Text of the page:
Well, Metro Louisville shut down today’s Park(ing) Day mini-park on Third Street, but the festivities aren’t ending! The park has been moved inside the Urban Design Studio at 507 South Third Street and you’re welcome to stop by any time today for a discussion on what is public space and the litigious nature of the society we live in that prevents such parks from daily occurrence. It’s not enough to “rent” the parking space by feeding the meter.
According to Metro Louisville Public Works, a permit for the Park(ing) Day project would require the approval of Fire, EMS, PARC, and Public Works with a traffic engineer signing off on a traffic plan. A three foot buffer would be required with barriers or reflective cones of some sort. The agency says they are foremost concerned with safety and the permitting process is designed to promote that.
Public Works director Ted Pullen wasn’t immediately available for comment but a spokesperson in his office said, “All it takes is one person texting and driving to kill someone at the event.”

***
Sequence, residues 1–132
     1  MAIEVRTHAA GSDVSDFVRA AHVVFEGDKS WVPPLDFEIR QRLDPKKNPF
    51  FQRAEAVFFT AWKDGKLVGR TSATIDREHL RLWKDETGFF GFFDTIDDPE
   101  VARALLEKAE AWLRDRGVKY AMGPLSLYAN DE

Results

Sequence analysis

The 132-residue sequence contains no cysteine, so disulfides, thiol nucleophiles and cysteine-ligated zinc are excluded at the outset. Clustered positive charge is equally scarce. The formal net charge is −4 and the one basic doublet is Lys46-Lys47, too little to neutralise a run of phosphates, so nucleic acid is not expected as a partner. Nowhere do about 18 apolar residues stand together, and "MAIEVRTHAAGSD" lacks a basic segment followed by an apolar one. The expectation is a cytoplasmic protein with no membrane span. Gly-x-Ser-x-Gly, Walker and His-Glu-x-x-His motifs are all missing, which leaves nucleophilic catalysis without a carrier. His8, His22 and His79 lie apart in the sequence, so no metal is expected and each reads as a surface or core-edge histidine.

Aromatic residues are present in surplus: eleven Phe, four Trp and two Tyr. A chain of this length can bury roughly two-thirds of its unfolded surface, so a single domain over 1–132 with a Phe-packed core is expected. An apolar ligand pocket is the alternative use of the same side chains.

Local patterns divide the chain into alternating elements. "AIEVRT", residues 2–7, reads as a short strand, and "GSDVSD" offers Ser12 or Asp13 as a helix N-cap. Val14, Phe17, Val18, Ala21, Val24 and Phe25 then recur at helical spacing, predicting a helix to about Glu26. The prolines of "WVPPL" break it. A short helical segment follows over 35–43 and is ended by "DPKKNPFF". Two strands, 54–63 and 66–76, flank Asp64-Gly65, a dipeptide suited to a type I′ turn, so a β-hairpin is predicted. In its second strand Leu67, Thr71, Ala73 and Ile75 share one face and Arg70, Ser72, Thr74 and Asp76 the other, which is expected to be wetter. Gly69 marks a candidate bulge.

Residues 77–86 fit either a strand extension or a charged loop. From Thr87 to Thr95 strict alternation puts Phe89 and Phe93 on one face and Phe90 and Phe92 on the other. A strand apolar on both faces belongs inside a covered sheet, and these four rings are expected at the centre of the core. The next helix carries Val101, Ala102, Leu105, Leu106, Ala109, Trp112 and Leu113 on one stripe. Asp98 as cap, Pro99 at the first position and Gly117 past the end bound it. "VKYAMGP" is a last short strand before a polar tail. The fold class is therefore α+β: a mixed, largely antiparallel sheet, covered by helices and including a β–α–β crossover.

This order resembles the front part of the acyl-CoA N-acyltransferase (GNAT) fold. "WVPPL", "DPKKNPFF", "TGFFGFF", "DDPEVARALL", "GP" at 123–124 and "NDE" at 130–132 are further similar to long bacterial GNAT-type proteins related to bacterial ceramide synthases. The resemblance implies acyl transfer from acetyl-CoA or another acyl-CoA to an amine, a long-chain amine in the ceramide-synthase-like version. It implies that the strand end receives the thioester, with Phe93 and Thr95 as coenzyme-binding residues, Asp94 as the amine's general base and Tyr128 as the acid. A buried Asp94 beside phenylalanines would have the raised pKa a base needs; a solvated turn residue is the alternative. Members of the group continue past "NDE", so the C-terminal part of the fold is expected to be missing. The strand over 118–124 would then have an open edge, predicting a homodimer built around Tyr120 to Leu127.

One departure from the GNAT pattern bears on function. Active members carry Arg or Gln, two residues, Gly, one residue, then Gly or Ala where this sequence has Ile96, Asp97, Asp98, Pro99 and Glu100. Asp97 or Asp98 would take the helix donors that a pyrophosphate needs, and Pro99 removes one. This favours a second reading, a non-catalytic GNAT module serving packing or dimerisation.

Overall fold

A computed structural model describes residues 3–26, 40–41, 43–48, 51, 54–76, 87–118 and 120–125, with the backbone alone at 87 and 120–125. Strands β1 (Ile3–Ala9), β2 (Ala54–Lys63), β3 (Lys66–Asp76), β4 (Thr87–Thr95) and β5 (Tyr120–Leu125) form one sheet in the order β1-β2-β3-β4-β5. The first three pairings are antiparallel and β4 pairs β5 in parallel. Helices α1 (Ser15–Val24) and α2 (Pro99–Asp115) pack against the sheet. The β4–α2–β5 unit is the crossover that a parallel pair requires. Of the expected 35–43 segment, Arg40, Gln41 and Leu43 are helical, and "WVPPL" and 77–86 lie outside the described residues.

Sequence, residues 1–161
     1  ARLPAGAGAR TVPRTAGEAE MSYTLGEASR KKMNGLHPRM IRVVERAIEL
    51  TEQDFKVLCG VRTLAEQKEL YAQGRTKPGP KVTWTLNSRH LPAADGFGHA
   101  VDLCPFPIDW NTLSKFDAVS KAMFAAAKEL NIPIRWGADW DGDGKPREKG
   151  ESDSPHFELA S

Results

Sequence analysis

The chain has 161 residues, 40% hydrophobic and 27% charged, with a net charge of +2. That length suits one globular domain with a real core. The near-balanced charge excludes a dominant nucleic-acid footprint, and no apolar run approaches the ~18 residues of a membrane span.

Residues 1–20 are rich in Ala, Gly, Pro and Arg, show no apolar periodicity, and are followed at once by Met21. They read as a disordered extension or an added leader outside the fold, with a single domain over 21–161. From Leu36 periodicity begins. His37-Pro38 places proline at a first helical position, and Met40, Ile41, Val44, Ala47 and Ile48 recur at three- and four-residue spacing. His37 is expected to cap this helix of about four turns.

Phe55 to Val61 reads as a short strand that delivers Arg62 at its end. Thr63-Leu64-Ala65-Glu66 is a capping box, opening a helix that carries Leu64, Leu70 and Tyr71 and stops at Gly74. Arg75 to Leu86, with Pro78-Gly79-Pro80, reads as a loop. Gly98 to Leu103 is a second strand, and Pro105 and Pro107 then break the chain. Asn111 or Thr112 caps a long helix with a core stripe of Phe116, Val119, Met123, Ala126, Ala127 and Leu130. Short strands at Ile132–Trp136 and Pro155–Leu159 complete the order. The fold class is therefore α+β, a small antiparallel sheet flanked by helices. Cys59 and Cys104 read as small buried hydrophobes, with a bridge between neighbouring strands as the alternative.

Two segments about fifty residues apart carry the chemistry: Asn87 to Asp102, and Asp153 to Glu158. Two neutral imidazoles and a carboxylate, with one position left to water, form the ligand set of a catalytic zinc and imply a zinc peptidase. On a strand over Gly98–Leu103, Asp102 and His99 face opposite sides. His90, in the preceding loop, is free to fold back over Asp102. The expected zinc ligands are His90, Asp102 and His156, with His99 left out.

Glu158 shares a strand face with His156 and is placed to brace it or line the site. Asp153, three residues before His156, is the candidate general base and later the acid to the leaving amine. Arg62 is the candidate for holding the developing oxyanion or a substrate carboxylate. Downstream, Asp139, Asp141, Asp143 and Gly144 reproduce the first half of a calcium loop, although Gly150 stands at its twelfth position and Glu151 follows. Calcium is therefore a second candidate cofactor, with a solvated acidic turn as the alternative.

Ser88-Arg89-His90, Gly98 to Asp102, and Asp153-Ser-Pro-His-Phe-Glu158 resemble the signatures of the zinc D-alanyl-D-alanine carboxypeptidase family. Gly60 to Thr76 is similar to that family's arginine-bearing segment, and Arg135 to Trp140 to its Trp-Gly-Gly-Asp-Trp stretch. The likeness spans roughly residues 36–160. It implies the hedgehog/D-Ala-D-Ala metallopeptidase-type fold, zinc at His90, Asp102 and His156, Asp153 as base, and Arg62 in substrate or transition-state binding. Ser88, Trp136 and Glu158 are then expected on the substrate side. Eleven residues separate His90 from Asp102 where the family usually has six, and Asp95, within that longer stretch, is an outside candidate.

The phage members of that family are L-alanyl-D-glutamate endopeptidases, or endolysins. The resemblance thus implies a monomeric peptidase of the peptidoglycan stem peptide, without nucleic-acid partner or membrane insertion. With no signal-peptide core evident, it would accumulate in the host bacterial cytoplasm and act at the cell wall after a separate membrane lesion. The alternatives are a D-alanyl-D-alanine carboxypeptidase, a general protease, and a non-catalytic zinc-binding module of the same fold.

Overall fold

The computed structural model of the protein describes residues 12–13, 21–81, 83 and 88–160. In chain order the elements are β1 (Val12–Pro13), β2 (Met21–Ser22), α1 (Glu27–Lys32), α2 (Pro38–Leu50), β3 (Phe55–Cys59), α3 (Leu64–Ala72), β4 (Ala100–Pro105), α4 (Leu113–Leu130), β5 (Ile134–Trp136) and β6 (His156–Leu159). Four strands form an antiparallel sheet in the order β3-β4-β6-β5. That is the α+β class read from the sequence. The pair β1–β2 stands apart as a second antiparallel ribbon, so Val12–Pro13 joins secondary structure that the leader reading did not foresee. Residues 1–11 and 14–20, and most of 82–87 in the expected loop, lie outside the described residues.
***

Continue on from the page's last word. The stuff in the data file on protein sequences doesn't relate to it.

While the safety precautions designed into the permitting process are supposed to keep people safe, Public Works admits that it doesn’t always work citing an example of a biking event a couple years ago that was permitted with heavy traffic regulation. Then, a drunk driver still managed to plow through and kill a cyclist despite the safety precautions. It just goes to show that—permit of not—cars and drivers jeopardize the safety of people.
For the two hours or so that the park managed to occupy the Third Street parking spot, no traffic events went down. Rather, passers by are reported to have expressed genuine interest and excitement at the prospect of a mini-park-for-a-day. Some even had time to sit for a while and at least one game of chess took place.
This example really gets at the heart of the discussion that needs to be taking place: who are our public spaces really for? Such demonstrations serve as an opportunity to market Louisville as a city that promotes out-of-the-box thinking to a broader global community. Louisville must begin thinking actively and creatively about how quality green space affects our built environment. Continue the discussion at the Urban Design Studio!
According to the official site, there were more than 700 Park(ing) Day parks in 140 cities in 21 countries and six continents. At least Louisville had one for part of the day.
Thanks also to Dave Morse for pointing out that the (first?) Park(ing) Day spot occurred in September 2007. We need to make this event explode next year with a few dozen spots—permits in hand. (And we hear that a similar project to this Park(ing) Day park is planned for next week’s World Car-Free Day.) More later.